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Rory Fanning, Worth Fighting For: An Army Ranger’s Journey Out of the Military and Across America

Haymarket Books, 2014; 230pp; £12.99

ImageI was looking forward to this book – an account of Rory Fanning’s walk across America in memory of his friend, Pat Tillman.

I am usually drawn to stories of individuals undertaking major endurance events, and this had the added bonus of being carried out by someone working for peace.

The comments on the back were all overwhelmingly positive so I was a bit disappointed that Worth Fighting For didn’t quite match my expectations.

It starts well enough, describing Fanning’s motivations for setting out on the walk. A former soldier, Fanning applied for conscientious objector status after becoming uncomfortable with the wars in Iraq and Afghanistan. For six months, he was kept in limbo by the army, until he was suddenly discharged shortly after Tillman’s death.

When it subsequently emerged that the military had covered up the fact that Tillman was killed by friendly fire, Fanning realised his discharge had been expedited to avoid too much scrutiny. His decision to walk from coast to coast came from his desire to make sense of these events, to ‘get my mind right’, and to understand the country he had fought for and felt he had let down. And in doing so he would remember his friend by raising money for the Pat Tillman foundation.

After this the book enters familiar territory for anyone used to accounts of long distance walks.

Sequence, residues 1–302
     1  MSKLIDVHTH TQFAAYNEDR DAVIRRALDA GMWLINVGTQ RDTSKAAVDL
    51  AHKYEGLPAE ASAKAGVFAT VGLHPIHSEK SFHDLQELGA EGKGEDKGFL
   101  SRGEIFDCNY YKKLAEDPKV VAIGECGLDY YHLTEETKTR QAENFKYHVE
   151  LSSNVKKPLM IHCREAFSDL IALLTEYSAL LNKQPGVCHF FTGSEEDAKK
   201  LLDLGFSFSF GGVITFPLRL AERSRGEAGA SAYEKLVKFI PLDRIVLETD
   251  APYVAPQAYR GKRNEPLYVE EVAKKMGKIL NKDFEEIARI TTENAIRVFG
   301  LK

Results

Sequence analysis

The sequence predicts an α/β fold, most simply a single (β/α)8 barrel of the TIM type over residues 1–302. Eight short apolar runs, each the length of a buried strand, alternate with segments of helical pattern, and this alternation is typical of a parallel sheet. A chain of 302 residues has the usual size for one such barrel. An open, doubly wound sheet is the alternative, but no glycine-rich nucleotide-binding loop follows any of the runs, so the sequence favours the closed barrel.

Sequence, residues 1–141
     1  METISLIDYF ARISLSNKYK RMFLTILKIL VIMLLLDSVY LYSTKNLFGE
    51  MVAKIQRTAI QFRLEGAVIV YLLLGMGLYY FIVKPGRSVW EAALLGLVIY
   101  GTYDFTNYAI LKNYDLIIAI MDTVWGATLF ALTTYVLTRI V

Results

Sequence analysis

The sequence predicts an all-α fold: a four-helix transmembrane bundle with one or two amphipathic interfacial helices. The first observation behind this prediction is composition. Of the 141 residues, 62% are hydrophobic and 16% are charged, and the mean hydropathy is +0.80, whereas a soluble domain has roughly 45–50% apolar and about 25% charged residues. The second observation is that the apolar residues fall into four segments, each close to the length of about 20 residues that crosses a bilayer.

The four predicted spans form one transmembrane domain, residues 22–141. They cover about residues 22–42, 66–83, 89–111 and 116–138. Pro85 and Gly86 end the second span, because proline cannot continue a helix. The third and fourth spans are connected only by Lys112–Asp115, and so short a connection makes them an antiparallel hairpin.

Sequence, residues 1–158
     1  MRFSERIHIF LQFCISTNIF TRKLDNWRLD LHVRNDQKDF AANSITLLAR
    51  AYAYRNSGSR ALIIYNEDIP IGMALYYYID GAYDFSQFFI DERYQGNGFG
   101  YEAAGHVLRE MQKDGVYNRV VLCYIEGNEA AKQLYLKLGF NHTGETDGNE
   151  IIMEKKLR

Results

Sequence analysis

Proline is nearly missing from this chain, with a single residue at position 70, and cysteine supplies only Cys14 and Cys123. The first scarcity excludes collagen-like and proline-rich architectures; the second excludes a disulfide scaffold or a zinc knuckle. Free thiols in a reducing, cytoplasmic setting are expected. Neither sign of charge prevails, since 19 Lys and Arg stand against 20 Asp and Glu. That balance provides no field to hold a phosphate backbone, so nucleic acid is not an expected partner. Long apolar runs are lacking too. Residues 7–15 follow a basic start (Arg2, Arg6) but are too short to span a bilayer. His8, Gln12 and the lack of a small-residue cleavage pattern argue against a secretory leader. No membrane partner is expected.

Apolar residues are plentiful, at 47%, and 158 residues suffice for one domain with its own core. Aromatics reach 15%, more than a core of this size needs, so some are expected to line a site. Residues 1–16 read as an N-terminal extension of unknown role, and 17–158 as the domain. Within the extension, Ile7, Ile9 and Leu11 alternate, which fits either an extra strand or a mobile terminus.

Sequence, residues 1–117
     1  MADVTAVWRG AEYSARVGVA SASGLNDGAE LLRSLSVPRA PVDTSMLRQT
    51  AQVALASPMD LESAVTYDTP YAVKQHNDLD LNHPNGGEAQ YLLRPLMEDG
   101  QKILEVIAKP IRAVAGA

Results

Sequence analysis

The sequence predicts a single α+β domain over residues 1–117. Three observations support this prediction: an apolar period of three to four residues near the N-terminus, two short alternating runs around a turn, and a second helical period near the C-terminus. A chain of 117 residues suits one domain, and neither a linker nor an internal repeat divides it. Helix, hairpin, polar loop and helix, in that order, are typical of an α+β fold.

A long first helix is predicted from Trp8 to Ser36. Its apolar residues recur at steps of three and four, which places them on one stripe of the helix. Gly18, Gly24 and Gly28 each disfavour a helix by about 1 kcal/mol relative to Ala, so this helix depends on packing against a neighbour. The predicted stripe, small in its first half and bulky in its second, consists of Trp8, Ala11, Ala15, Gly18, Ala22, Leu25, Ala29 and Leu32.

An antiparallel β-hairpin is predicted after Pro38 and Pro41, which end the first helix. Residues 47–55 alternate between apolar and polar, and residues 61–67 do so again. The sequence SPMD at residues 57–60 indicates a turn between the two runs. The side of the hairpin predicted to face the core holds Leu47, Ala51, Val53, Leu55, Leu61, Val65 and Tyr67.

Fanning describes places where he pitches his tent, the people he encounters, and reflections on his journey. This is interspersed with memories of his time as an Army Ranger, and brief historical notes about the land he passes through.

There are days when the walk is a breeze, and days when every muscle aches and the weather is against him. There are moving encounters with strangers such as the police officer whose brother had been killed in Iraq, and 10-year-old Caleb who helps his mum, knowing he can’t leave home until the mortgage is paid.

Whilst Fanning is occasionally barred from camping by barbed wire and angry landowners, most people are welcoming and the generosity of strangers is heartening to read about. And as he walks he remembers how the army broke him down to make him function as a soldier, how he managed for a while till his humanity prevented him from continuing, and how he was ostracised by his unit once he’d applied for conscientious objector (CO) status.

It’s all interesting enough and the story of how Pat Tillman’s death was exploited by the military for propaganda purposes is enough to enrage any anti-war activist.

Likewise, Fanning’s forced tour of duty in Afghanistan after he declared his CO status confirms every prejudice one has about the cruelty and dogma of the army. His realisation that he has more in common with the Afghanis than the former comrades who push him to the edge of the camp is a powerful one.

But there’s something missing for me.

The episodes shift quickly and somehow lack continuity. He mentions at one point that he needs to speak out politically, but doesn’t seem to follow up on this. A major personal revelation that the charity he is walking for is limited in its ability to deliver change is barely explored.

As a result, I was left feeling I’d skimmed the surface of his experience, rather than understood it as fully as I might. I applaud the endeavour, but the story failed to engage me as much as it could have. Which is a pity because Fanning’s story is one that’s worth telling, and his physical and emotional journey a feat that should inspire us all.